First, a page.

What Not To Take: My PCT Gear List
Choosing the tools that will help to carry me from Mexico to Canada proved to be an increasingly difficult task. Despite my best efforts to be my own pack mule, I’ve found over the years that less is indeed more, at least up to a point. If you’re looking to carry your fears, there’s a good chance your body will protest. If your entire kit is feather-light and you’re caught in a storm though, it’s easy to understand why some folks arrive at the terminus overprepared. When deciding how to lighten up my pack, I decided to focus not solely on achieving comfort(that can be done in a variety of ways), but more so on avoiding discomfort.
For some circumstances, I found that the best course of action was to trust conventional wisdom and buy from the most popular brands. Altra(trail runners), Gossamer Gear(pack), Enlightened Equipment(quilt), and Patagonia(base layers) are a few that come to mind. It was refreshing to try these out and quickly discover for each, the common convenience of a well made piece of gear.
Shelter and Clothing, Layers Upon Layers
For my shelter in particular, I wanted to avoid one thing: sleeping on the ground. A Warbonnet hammock, suspension and underquilt allow me to do just that. I instead aim to get the best sleep possible on trail, or at least not the worst imaginable. In addition, there’s a chance a heavy tarp could lead to an overuse injury, while not packing one would leave you dripping wet with a deep chill. For my size hammock, I’m trusting the 8×10 Hyperlite Flat Tarp to keep me dry.
Lightweight clothing will be plenty comfortable for hiking and sleeping in warmer weather, but what happens when the temperature dips below freezing? I had to make a few executive decisions here, but for now I’ve settled on a few key items. If I find myself routinely smacked by the elements, a simple dollar store poncho coupled with an ultralight pair of Tachyon wind pants from Montbell should offer some relief. If all else fails, garbage bags and hiding under the tarp will be my failsafe. If it’s bitter cold, I’m leaning on two layers: one is a 6oz polartec alpha hoody from Senchi and the other is the Katabatic Tincup, a puffy jacket model that offers a few extra ounces of down fill.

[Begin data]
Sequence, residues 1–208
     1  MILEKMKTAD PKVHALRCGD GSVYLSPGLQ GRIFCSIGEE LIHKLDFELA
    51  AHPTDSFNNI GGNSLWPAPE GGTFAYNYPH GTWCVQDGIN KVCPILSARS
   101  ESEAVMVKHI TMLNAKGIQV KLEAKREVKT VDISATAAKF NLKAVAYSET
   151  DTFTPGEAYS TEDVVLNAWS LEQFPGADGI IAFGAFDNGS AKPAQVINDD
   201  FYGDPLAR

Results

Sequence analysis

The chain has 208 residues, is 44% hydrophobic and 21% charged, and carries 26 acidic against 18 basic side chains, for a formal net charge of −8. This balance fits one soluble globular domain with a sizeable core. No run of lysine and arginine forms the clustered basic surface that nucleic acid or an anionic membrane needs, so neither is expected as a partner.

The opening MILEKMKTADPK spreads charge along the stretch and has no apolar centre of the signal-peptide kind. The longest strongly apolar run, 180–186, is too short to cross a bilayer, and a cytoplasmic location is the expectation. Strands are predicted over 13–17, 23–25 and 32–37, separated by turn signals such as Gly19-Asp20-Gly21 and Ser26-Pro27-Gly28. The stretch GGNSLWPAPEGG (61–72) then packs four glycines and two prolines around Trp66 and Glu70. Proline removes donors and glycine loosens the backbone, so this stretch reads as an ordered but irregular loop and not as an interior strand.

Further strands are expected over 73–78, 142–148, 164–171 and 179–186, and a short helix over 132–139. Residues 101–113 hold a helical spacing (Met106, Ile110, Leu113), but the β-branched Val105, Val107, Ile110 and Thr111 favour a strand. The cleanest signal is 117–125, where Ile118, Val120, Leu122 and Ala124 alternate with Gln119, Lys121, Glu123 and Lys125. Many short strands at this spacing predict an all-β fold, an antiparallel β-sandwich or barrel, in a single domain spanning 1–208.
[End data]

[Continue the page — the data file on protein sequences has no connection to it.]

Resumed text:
I’d really rather not settle for below average snow gear in 2023, as it’s looking like pretty much the highest snow year on record. With that being said I want to remain open to last minute changes and new philosophies while on trail. Today I am packing my Black Diamond Whippet attachment and a pair of Kahtoola K-10s. The goal here is simple: to avoid poor traction that could lead to potential long sliding falls in the backcountry.
How To Stay Plugged In
Technology on trail is more important than ever and I feel it would be irresponsible to not rely on certain modern devices. One easy way to feel safe and secure on a thru hike is to bite the bullet and invest in a Garmin Inreach Mini. They’re only 3.5oz and they offer GPS tracking/messaging, but more importantly, an SOS function. Another important consideration is mapping apps and the capability of your smartphone. I found FarOut and Gaia to be the most relevant and user friendly. As for the phone itself, I find the Google Pixel 6 Pro is reliable enough to keep me connected. As a bonus, the camera capability of the pixel has been consistently top of the line. As someone who had considered bringing a full frame mirrorless camera, it’s important to me that when relying solely on my phone(my only camera on trail) -I know it’s worth a damn.
Everyone has different preferences for sure, so I made sure to test these things out ahead of time and get a read on how they feel to me personally. The trail itself however, is the ultimate shakedown. Every hiker gets to decide for themselves what systems to trust, which to me, is certainly part of the fun.
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